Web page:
NORTH PLATTE, Neb. — A near-death experience in a car crash and a trade of his bicycle set the compass that directed the rest of Jan Ekstedt’s life.
Ekstedt is currently the pastor at First Christian Church in North Platte, Nebraska.
“I always knew I was going to be a pastor, but I ran away from it,” Ekstedt said. “The reason why I knew I was going to be a pastor was because when I was just 18 months old, my mother and I were in a horrible auto accident that involved our car being hit by a logging truck.”
The logging truck slid into the car on a rainy day and pushed it head-on into a telephone pole.
“I went through the windshield and landed in a field where nobody even knew I was there,” Ekstedt said. “It trapped the driver and killed her, and my mother was trapped, but they got her out of it.
“My mother kept screaming for me and people that were there at the scene just thought she was delirious because they couldn’t see me.”
Ekstedt was unconscious 40 feet away with glass in his eyes, a broken arm and a fractured skull.
“Finally my mother talked somebody into going back to take a last look and the guy found me,” Ekstedt said. “He was a naval medic from World War II, and he washed my eyes out right there and saved my sight, and saved my life, of course.”
His father’s side of the family had a lot of missionaries and ministers, who said God saved Ekstedt’s life for a reason.
“I grew up thinking that I was going to be a pastor,” he said.
But a few years later, life took him in a different direction when Ekstedt traded his first bicycle for his first violin.
“I was in the second grade, 7-, 8-years-old,” he said. “There was a girl my age who lived in our neighborhood. She and I got into an argument, and I knew she played violin, so I said, ‘You know what, I’m going to play violin better than you can.’ So I traded my bike for a violin.”
Ekstedt said music got hold of him and he went on to a successful career in music.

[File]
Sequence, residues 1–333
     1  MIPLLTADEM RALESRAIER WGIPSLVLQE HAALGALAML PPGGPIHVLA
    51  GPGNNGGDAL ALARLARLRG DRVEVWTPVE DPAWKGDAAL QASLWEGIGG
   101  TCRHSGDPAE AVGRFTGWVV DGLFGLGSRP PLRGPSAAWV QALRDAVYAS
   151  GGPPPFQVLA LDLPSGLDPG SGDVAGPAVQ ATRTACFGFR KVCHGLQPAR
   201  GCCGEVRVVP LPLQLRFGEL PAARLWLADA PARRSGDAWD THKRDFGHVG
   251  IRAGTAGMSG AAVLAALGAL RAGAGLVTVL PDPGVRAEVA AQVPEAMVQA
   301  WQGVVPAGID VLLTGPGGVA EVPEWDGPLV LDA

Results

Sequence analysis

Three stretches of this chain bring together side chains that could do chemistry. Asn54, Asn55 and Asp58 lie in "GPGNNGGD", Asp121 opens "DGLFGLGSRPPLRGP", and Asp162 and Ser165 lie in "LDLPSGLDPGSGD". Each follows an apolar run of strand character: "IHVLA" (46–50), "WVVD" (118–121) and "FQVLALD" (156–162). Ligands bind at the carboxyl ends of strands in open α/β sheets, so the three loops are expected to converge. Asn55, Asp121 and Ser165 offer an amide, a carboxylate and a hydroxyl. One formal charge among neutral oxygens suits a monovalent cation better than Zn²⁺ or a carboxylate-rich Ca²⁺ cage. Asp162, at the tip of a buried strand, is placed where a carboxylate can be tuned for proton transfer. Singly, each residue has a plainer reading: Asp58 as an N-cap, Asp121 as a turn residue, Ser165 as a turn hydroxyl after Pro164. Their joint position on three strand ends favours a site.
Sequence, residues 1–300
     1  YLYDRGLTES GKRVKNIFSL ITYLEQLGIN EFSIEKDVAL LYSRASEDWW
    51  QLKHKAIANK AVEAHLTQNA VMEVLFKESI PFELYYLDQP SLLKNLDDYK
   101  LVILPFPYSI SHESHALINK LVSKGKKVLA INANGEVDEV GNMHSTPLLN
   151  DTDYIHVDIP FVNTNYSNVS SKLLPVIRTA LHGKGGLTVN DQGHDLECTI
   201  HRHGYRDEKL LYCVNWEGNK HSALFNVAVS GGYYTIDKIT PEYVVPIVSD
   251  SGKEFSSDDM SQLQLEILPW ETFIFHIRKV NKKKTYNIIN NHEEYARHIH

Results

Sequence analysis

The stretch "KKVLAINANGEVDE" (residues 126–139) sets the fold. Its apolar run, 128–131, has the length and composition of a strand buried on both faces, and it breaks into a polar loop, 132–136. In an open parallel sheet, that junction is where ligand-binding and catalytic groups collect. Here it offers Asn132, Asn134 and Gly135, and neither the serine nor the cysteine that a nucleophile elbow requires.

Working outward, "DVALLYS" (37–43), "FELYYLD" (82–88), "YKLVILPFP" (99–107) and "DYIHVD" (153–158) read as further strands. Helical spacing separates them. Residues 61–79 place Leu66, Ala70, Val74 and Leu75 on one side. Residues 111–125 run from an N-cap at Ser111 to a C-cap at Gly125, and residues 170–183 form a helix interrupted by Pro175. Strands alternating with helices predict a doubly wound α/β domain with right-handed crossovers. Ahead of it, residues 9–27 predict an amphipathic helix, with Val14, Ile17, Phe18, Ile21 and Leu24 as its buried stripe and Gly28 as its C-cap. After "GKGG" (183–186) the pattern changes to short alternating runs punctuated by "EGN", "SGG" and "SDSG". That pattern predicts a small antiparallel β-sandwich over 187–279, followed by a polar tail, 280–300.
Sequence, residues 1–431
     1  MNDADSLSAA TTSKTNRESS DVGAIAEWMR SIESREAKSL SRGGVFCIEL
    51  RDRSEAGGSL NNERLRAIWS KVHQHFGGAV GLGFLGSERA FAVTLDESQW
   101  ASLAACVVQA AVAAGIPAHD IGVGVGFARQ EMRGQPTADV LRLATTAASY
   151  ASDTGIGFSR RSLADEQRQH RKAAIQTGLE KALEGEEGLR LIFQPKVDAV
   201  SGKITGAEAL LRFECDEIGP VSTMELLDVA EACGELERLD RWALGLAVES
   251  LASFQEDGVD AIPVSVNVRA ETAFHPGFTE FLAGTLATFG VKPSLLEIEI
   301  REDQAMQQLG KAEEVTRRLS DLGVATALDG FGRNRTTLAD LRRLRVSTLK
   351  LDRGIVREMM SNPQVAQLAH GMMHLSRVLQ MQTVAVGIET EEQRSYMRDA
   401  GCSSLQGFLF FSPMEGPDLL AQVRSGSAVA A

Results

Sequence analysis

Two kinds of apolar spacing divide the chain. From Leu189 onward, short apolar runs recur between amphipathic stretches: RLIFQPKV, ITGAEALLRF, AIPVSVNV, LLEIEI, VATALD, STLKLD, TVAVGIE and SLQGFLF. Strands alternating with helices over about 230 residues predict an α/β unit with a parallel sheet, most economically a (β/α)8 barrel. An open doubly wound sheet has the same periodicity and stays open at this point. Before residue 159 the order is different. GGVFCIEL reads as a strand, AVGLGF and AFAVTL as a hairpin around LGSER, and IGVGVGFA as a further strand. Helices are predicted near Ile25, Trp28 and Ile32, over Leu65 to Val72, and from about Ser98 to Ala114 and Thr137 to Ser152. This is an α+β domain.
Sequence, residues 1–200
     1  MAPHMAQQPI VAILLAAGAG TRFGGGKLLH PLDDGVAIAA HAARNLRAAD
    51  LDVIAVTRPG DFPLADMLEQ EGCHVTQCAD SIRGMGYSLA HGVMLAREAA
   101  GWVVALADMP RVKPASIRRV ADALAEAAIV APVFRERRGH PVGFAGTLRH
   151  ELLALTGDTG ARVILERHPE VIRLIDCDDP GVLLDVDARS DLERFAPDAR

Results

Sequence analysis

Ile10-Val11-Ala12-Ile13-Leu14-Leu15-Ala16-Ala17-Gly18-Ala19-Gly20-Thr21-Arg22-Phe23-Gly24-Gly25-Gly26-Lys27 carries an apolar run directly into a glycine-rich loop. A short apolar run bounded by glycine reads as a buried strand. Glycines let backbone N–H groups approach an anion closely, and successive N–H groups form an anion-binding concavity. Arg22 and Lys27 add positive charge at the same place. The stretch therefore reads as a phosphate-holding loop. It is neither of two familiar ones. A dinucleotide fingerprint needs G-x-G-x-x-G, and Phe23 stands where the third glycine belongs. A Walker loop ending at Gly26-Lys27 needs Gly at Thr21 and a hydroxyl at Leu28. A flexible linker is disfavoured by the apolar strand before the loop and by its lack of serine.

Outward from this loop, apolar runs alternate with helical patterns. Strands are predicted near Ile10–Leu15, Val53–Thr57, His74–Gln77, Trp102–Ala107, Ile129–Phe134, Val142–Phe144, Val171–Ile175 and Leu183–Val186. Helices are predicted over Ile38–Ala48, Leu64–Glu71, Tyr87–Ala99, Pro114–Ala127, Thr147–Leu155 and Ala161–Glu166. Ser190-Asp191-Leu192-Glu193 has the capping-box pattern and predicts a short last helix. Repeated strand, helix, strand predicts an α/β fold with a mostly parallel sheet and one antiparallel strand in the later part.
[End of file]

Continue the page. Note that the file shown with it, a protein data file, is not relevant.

“I played in the Seattle Symphony, I’ve played in the Reno Philharmonic and the Reno Opera Guild,” Ekstedt said. “I played in the Spokane Symphony during the Expo in 1974. Played in the Waterloo-Cedar Falls Symphony, a very good orchestra.”
As a young man, he also played with some popular entertainers after the music store he was working at in Seattle transferred him to Reno, Nevada.
“When I was in Reno, people got to know I could play the violin and they asked me to join the union so I could be hired to play shows,” Ekstedt said. “From 1978 to 1981, I played a lot of shows.”
Ekstedt played with Sammy Davis Jr., John Denver, Ben Vereen, Eddy Arnold, Shirley MacLaine, Debbie Reynolds and many others.
“I played with Liberace when he was the highest-paid entertainer in the world,” Ekstedt said. “The interesting thing as a comparison between two different performers was that Liberace had a wonderful show, but it was the same every time. Every word, every note was exactly the same every time. It was all very, very staged.”
However, a Sammy Davis Jr. show was much looser.
“When I played Sammy Davis Jr., you’d go to the rehearsal and there were 60 pieces of music on the stand,” Ekstedt said. “You couldn’t rehearse it all, there was so much music.”
The conductor’s name was George Rhodes.
“With Sammy, you always knew you were going to do the overture, ‘Candy Man’ and ‘[Mr.] Bojangles,’” Ekstedt said. “The conductor would lead us through 10 bars of the overture, 10 bars of ‘Candy Man’ and 10 bars of ‘Bojangles.’ Then he’d say, ‘You guys sound pretty good today, I don’t think you’re going to get me in trouble. I have a tee time in 30 minutes, we’ll see you tonight,’ and that was the rehearsal.”
Music had changed the course of Ekstedt’s life, but God brought someone from his youth back into his life and the direction changed once again.
“I grew up knowing I was going to be a pastor, but it took me until I was 52 years old to decide to go to seminary,” Ekstedt said. “I had failed marriages. I was married and divorced twice before I was 30 and suffered from alcoholism for about 20 years of my adult life.”
Ekstedt, who quit drinking 28 years ago, said God sent his wife, Elaine, to him.
“We had known each other as kids, had gone to the same churches, went to the same school,” Ekstedt said. “When we got married, she said, ‘You know, everybody knew you were going to be a minister — what happened?’”
He told her music had just kind of kept him away from it.
“I really felt like because I was an alcoholic and had been married and divorced twice that God didn’t want me to be a pastor,” Ekstedt said. “Elaine said, ‘Well, maybe it’s time to rethink that.’”
She persuaded him to take just one class in seminary to see how it would go.
“So, I did, I took one class, and the teacher of that class, Brian McClaren, encouraged me to keep going,” Ekstedt said. “I just kept taking classes and ended up getting a master’s degree of divinity in 2003. Then I was ordained with Disciples of Christ in 2005.”
First Christian Church is the third church he has pastored.
“I love the people here,” he said. “They’re wonderful people, not just in this church, but also around town.”
He said he still loves performing and loves being a pastor as well.
“Music was pretty good to me,” Ekstedt said.